🔒 China’s own version of a banking problem

By Anjani Trivedi

For all the talk of China’s post-Covid economic revival and sweeping changes at the top, Beijing’s biggest problems are (still) its small and medium companies.

As China walks a fine line with its 5% growth target, these firms have a big role to play: They make up large swathes of the manufacturing and industrial complex, contribute around 60% of gross domestic product, and account for a significant chunk of exports. Beijing began talking up measures to help small and medium enterprises, or SMEs, in January this year. President Xi Jinping has urged these businesses (like many times before) to hum along and churn out goods, promising backing.


But SMEs remain stuck in the doldrums. As of February, a gauge of current performance, based on factors like production, new orders, investment, inventories and profitability, was close to multiyear lows. The upbeat growth rhetoric of late hasn’t helped boost the mood.

Going into the pandemic, these companies — largely manufacturers in cyclical sectors — were already weak. Then, at the height of the Covid measures, things got worse: Around 85% of businesses didn’t have enough cash to survive a three-month shutdown, one survey showed. A top issue was loan repayment.

Now, to keep production lines running and abide by Xi’s directive, loans to companies are rising at the quickest rate in over a year and a half, outpacing those to households. That’s mirrored at China’s smaller, regional lenders, where assets are growing almost as fast as at their larger, state-owned peers that tend to serve big enterprises.

The weakest of small corporates — starved for funding and unable to tap credit lines — have turned to the underbelly of the financial system once again: Shadow banking, long a form of off-balance-sheet funding for China’s industrial complex. Riskier loans — made by trust companies that are funded by structuring such borrowings into wealth management products — are growing. The stock of entrusted debt — borrowing between companies with lenders in the middle as agents — has also ticked up. While they aren’t close to the peaks of 2017, prior to an aggressive deleveraging campaign that took out many companies and bank-like institutions, the return to bad habits is worrying.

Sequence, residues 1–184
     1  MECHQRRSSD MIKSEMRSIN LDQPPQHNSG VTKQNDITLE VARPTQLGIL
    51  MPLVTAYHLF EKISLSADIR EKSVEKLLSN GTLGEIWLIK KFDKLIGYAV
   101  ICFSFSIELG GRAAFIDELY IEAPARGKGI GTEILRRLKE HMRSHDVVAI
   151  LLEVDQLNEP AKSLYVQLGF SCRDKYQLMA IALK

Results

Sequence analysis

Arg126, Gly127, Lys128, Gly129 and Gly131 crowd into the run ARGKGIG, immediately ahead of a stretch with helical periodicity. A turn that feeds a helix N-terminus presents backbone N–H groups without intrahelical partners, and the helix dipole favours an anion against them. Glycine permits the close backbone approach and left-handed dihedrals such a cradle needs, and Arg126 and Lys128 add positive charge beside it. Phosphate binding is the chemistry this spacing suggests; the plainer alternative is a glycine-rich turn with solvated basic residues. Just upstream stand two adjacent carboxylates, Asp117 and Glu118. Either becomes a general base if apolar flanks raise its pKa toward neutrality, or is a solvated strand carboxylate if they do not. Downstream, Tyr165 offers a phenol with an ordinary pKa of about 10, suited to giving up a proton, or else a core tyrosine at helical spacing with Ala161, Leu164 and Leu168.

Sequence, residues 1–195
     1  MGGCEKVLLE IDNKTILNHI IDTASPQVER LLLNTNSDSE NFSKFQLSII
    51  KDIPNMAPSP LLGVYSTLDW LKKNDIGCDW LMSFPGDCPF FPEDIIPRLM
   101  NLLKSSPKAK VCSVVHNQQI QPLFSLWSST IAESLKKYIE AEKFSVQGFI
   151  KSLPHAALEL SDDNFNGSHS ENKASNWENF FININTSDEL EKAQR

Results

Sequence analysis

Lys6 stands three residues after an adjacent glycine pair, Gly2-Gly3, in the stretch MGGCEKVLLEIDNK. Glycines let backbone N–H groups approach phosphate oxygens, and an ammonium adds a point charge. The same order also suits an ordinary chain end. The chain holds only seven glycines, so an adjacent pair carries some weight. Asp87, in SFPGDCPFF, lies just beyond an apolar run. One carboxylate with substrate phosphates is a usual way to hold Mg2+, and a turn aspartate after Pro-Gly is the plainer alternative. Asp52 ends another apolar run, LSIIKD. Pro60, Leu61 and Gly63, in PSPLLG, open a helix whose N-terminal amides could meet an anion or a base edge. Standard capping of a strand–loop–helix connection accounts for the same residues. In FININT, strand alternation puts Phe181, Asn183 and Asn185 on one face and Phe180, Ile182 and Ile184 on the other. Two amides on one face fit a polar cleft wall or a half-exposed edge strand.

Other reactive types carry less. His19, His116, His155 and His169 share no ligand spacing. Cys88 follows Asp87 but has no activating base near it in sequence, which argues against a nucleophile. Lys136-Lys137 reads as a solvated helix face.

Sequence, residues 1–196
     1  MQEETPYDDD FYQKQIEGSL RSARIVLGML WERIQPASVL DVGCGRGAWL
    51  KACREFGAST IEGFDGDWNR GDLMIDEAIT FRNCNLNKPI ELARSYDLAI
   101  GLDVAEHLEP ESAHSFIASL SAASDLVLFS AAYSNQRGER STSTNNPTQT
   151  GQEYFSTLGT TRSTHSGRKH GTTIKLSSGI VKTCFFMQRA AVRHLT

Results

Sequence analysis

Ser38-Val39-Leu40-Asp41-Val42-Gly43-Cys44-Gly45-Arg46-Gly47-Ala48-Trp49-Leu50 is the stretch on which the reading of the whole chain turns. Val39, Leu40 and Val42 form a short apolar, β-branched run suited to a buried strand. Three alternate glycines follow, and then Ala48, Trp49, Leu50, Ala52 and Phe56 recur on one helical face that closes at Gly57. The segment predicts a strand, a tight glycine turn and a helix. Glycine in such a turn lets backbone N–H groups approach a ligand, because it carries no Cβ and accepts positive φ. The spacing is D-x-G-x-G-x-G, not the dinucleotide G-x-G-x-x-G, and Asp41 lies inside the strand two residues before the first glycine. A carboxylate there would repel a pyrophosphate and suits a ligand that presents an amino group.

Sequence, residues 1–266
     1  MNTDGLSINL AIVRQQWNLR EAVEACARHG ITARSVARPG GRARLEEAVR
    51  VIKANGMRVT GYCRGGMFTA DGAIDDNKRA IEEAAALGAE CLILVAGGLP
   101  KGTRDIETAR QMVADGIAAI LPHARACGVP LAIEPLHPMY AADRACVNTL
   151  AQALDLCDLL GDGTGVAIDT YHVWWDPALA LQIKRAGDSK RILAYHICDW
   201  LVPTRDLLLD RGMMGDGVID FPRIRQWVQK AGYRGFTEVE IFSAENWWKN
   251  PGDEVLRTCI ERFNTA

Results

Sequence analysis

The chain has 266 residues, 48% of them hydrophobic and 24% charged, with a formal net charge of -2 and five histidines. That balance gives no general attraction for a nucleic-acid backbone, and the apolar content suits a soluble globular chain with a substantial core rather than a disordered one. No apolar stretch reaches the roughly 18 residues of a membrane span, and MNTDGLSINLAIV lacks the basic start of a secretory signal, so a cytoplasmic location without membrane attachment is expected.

Meanwhile, the city and rural commercial lenders aren’t any better off than the SMEs. Smaller banks have typically been warehouses of bad assets. Their capital buffers are weak, limiting their ability to deal with troubled loans (in theory, from small troubled companies). Net interest margins are low and declining. Their governance and priorities, in many cases, are run locally and credit risk isn’t always top of mind. Systemically fixing them and rooting out the rot hasn’t happened.

In February, Beijing put out stringent draft measures in line with global norms to help lenders classify assets by type of risk and size of business.  A focus of these rules is to determine the overall ability of borrowers to repay their debt, not just a loan, indicating an increasing concern around companies’ financial health, not just banks’ books. However, as the global failures and rescues of the past month show, just knowing risks exist isn’t enough. Under China’s new super regulator, if institutions are pushed to actually do something about loans that are likely to go sour, then it’ll be hard for lenders to absorb them. With the wobbly global banking system out there, it’s unlikely Beijing will make any move that would shake confidence. These rules don’t come until next year.

Beijing now wants even more SMEs: It’s hoping to spawn 150,000 “innovate” small enterprises and more than 10,000 “little giants” by the end of this year. Stuck in this doom-loop, it’ll be hard for these new firms to get off the ground and for the old ones to survive. Without painful and surgical changes, their fate and their lenders aren’t changing anytime soon. 

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